Here's what Minneapolis looked like when Interstate 35 was dirt

Lotta dirt!

Lotta dirt! Hennepin History Museum via Old Minneapolis

Before things become things, they often revert back to sweet, sweet dirt. Such was the case with Interstate 35, the longitudinal highway that connects Duluth and Laredo, Texas, with 1,570 miles of asphalt.

Ike Eisenhower signed the Federal-Aid Highway Act in 1956, sparking construction of the U.S. Interstate System. In the early 1960s, ground broke for what would become the Minneapolis portion of I-35W.

Which brings us back to dirt.

We urge you to enjoy the above photo of that construction, showcasing a large swath of south Minneapolis. Notice how today's sound walls, asphalt, lane lines, and median dividers don't exist at all. But our old friend dirt? Well, he's made himself quite at home. (Real talk: Similar to the creation of Interstate 94 in St. Paul, the land clearing process for I-35W disrupted and displaced minority neighborhoods.)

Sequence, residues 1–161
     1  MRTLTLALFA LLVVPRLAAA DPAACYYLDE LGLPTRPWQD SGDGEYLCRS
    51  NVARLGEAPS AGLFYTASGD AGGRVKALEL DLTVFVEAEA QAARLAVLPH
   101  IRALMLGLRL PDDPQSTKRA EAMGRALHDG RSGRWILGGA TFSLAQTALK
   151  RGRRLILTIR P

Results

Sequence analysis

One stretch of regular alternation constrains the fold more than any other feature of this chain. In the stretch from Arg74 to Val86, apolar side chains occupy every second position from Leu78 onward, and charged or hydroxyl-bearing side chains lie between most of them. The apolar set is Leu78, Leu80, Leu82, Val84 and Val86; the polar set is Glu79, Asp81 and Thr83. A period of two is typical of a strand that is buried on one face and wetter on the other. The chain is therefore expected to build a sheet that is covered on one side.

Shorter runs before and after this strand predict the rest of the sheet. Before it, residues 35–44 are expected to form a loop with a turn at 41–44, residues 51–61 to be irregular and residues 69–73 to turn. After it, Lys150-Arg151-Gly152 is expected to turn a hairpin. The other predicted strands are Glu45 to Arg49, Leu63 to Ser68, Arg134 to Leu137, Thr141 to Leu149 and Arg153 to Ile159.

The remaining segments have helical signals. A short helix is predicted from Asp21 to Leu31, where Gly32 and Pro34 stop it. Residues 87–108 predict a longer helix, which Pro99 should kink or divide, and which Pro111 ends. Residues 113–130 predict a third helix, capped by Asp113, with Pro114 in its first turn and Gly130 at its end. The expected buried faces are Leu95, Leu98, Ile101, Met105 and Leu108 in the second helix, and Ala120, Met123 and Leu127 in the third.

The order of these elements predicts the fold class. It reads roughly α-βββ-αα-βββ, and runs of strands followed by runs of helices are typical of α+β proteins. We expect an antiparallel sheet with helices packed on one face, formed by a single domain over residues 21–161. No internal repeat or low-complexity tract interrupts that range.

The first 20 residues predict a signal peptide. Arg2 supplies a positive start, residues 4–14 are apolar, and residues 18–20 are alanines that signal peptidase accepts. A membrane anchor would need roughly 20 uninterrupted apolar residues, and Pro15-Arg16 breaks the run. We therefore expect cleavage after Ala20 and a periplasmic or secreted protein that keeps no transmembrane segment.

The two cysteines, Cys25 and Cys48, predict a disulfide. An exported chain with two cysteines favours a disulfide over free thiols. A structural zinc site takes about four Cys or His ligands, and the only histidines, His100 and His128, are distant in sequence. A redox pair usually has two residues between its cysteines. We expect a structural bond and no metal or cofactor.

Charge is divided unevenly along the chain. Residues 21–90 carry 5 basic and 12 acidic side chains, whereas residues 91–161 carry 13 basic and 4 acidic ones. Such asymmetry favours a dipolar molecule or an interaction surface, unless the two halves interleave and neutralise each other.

The image comes courtesy of the Hennepin History Museum's "Auto Show" exhibit, which runs now through August 20. H/T to Ben Brausen and the Facebook page Old Minneapolis

For contrast, here's a similar image from Star Tribune photographer Renee Jones Schneider that was captured in 2013 -- where's the dirt?!